1,000 signatures reached
To: Cosmetology State Boards & Institutions
Demand Equity in Skincare: Mandate Professional Training for Melanin-Rich Skin
We are calling for systemic change to give melanin-rich skin the attention and care it deserves within the professional skin care industry. It’s time to change the standard of melanated skincare training used in cosmetology and esthetician training schools nationwide. Schools and training programs should focus on increasing the pipeline of skincare practitioners and estheticians certified in melanin rich skin care. Therefore, we are asking you to sign this petition asking schools to:
- Raise the bar for state licensing by establishing new certification requirements and minimum practitioner hours of melanin-rich skin training.
- Implement specific, high-quality training on melanin-rich skin as a core part of the curriculum in esthetician & cosmetology schools.
SIGN THE PETITION: PUT YOUR SKIN IN THE GAME
It is imperative that we come together and promote and support opportunities for equality, diversity, inclusion in skincare education and training. Join us in creating real change that will impact the quality of professional skincare for melanin-rich skin.
Our goal is 40,000 signatures so, please spread the word and help us get more petition signatures! Follow @Meleskincare and visit www.meleskincare.com to see the progress we’re making together.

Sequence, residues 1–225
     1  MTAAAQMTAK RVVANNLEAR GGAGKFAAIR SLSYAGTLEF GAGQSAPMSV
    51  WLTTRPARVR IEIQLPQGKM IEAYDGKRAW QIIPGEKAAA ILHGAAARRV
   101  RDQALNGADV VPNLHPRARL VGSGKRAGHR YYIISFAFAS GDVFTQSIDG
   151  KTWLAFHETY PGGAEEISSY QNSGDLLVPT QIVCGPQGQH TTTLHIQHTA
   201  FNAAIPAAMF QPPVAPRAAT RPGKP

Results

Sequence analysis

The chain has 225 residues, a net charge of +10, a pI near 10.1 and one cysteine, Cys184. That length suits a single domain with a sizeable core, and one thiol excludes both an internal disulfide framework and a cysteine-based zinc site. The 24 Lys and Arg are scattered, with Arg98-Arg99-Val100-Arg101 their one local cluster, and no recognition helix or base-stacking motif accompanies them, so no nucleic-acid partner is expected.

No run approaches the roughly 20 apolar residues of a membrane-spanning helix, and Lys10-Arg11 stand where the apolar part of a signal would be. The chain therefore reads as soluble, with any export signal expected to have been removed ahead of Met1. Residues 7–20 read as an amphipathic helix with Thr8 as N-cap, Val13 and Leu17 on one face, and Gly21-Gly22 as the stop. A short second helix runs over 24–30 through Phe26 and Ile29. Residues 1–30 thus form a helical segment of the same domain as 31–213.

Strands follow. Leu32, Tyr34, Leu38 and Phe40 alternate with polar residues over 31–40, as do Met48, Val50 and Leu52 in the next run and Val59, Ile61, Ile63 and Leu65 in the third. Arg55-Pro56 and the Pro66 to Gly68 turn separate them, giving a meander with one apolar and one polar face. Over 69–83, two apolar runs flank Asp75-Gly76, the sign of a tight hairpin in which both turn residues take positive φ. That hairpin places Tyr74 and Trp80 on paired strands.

Why is this important?
Let’s face it, nearly half of America is multi-cultural. And our nation’s population is more diverse than ever before. As we marvel at our rapidly changing landscape, we are reminded of the continued lack of attention the skincare industry has placed on addressing the unique concerns specific to black and brown hues. The skincare market is a $27 billion dollar industry (as of 2019), but according to a recent study¹, 63% of women of color feel ignored and overlooked by the industry. Moreover, in the professional treatment of skin we also see issues of systemic neglect in the care and treatment of skin of color, with a study² showing that 47% of dermatologists felt that their medical training didn’t prepare them to treat Black skin.
But dissatisfaction with the status quo is driving significant shifts; our society is calling for racial equity, in many forms. Now is the time to not only change the course of skincare, but also the coursework, practitioner requirements and certification standards used to educate and train skincare professionals. For far too long, the standard of skincare has taken a one size fits all approach, based mainly on Caucasian skin. Textbooks and training materials in cosmetology, esthetic and even dermatology schools continue to focus on Eurocentric techniques, methodologies, diagnosis of skin maladies based on appearance on Caucasian skin, and visual aids that don’t apply to everyone.
FACE THE FACTS:
- Only 3% of dermatologists are Black and 4% are Hispanic³.
- Skin of color information and representation is lacking in skincare research journals, textbooks, manuals (including visual aids).
- Currently there is no broadly or consistently taught standard curriculum in cosmetology or esthetic schools focused on the unique needs of melanin-rich skin⁴.
- Black and Hispanic women are 50% less likely than Caucasian women to visit a dermatologist for similar skin concerns⁵ .
- Most skincare professionals are not taught that there are differences in treating skin of color.
¹ Survey conducted by OnePoll on behalf of LeCerre Skincare with a sample of 1000 general population and 1000 women of color Jan 13-20, 2020
² Buster KJ, Stevens EI, Elmets CA. Dermatologic health disparities. Dermatol Clin. 2012;30(1):53-59.
³JAMA Dermatology – Diversity in Dermatology: A Call for Action, June 2017.
⁴ Journal of the American Academy of Dermatology, Volume 59, Issue 4, October 2008, Pages 615-618.
⁵ JAMA Dermatology Study 2018